My husband of 10 years has cheated on me numerous times. He confessed his transgressions to me last year, and though I was pretty upset, I decided to stay and try to work things out. We agreed to open up our relationship, so I could "cheat" too.
But I have no desire to sleep with anyone else and unfortunately, well, he can't stop. I found out about another incident that happened a few months ago, and though I'm supposed to be accepting since we agreed on a polyamorous relationship, I'm really just jealous and hurt.
I'm considering getting a divorce, but since we agreed upon the open relationship, I feel like I'm in the wrong for breaking things off. I guess I'm also just scared to be alone after all these years. What should I do?
-- Against Free Love
Dear Against Free Love,
What are you? A doormat? Cause that's what it sounds like. This jerkwad cheated on you "numerous times" and now you feel bad for being jealous. Sounds like somebody needs a self-esteem boost.
It's likely the only reason you agreed on an open relationship is because you were scared to leave him after the first round of incidents. Open relationships only work when both parties are interested in being polyamorous. You have to be open, honest, and very trusting.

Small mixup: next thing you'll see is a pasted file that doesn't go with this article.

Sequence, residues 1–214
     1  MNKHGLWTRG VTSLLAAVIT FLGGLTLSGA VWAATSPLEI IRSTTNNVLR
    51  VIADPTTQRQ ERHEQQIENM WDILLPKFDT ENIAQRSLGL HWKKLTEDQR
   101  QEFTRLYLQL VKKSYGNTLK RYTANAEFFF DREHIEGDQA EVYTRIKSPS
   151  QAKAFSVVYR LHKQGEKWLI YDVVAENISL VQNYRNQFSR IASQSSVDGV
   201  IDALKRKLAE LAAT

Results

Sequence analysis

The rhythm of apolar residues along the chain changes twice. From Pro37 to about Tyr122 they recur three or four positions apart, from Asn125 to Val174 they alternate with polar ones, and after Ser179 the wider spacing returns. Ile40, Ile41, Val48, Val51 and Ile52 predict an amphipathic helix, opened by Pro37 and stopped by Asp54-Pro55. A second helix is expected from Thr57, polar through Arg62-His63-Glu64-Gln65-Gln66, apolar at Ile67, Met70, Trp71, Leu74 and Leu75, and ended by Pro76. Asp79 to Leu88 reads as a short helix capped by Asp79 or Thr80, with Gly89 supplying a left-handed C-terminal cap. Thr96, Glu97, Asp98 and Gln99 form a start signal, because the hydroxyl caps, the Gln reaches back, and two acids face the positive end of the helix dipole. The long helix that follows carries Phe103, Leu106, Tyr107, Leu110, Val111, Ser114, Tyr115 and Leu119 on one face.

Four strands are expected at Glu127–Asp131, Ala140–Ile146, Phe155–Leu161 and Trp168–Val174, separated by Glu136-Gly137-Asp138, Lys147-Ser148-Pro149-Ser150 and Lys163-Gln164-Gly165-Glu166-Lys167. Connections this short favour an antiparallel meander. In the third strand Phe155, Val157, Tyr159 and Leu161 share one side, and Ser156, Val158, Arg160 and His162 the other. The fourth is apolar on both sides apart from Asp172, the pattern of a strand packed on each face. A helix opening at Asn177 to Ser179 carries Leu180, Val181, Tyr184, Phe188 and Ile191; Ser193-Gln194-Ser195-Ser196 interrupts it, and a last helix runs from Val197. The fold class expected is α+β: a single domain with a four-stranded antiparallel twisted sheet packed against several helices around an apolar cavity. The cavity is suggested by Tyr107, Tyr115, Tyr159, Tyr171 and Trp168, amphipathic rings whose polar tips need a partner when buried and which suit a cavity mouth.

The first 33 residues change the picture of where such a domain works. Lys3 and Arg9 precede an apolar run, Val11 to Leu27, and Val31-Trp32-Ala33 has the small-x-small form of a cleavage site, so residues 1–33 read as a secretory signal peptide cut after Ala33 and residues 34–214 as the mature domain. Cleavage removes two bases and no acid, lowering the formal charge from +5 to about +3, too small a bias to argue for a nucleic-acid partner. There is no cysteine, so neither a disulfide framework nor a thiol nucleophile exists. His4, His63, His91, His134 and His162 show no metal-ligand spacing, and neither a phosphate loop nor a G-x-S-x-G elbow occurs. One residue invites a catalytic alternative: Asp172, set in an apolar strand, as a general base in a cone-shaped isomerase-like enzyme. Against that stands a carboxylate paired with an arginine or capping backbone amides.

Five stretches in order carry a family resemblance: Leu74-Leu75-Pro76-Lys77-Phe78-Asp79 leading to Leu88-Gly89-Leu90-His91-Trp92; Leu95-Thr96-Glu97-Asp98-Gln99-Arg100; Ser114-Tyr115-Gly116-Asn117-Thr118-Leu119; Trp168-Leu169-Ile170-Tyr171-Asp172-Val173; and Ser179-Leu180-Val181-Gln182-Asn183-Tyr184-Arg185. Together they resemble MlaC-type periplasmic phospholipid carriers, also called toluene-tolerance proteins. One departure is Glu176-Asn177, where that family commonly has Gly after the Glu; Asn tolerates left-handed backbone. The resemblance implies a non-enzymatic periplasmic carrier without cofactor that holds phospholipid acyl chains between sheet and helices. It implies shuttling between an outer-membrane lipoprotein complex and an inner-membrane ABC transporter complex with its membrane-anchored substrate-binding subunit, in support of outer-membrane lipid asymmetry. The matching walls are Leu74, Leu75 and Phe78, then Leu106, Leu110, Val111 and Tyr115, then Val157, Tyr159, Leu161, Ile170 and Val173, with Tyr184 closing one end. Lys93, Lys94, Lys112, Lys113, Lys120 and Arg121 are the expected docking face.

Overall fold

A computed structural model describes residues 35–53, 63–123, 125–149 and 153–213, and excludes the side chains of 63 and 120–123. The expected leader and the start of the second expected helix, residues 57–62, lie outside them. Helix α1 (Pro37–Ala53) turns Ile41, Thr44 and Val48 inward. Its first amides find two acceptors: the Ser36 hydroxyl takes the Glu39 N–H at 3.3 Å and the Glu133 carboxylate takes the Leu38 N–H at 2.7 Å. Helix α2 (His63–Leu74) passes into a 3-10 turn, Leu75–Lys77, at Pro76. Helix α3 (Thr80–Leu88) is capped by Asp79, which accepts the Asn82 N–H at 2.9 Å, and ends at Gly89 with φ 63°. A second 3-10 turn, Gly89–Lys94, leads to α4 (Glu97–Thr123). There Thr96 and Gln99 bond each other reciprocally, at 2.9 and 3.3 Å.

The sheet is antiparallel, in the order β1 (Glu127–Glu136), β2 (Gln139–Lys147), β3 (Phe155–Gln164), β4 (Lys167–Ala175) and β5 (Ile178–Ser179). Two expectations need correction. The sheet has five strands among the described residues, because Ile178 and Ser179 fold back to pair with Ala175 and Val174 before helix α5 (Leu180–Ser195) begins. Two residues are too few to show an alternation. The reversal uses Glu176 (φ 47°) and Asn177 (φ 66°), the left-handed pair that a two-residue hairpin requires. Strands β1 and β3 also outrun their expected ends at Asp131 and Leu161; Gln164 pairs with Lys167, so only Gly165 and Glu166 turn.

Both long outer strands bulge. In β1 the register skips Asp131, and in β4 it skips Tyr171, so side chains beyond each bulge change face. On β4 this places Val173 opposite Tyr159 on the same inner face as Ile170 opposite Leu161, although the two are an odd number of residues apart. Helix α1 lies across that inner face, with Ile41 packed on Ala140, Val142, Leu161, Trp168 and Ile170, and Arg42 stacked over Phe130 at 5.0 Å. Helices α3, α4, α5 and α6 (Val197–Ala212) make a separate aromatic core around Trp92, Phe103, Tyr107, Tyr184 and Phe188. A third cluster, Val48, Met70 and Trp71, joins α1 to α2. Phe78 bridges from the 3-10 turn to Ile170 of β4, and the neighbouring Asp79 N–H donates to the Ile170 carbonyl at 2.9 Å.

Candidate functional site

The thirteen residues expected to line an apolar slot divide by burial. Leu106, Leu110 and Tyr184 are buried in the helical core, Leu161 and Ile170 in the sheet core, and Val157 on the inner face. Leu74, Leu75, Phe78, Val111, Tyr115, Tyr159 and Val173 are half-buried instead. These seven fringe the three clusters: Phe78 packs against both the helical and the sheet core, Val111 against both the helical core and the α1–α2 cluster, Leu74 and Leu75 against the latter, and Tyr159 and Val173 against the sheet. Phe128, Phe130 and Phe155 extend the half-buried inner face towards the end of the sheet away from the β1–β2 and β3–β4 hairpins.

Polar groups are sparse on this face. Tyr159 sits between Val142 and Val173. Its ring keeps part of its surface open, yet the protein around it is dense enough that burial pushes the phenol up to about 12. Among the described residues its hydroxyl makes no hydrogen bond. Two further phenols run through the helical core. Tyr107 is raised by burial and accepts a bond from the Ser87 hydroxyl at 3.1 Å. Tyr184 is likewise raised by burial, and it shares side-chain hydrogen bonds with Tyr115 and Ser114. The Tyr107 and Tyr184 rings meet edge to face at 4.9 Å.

In most cases, open relationships don't work out, especially when the relationship is built on a lie in the first place. Since your husband lied to you for years about his cheating, how can you trust him in an open relationship?
You need to march down to the courthouse and start filing your divorce papers. It won't be easy adjusting to single life after all those years of marriage. But over time, you'll be just fine.
Got a problem? E-mail Bianca at firstname.lastname@example.org.
Exactly seven years ago this week, I wrote a column decrying a proposal by city engineers to turn the Overton Park Greensward into an 18-foot-deep "detention basin" designed to stop flooding in Midtown. The engineers claimed we'd hardly notice the football-field-sized bowl. "Except," I wrote then, "when it rains hard, at which time, users of Overton Park would probably notice a large, 18-foot-deep lake in the Greensward. Or afterward, a large, muddy, trash-filled depression."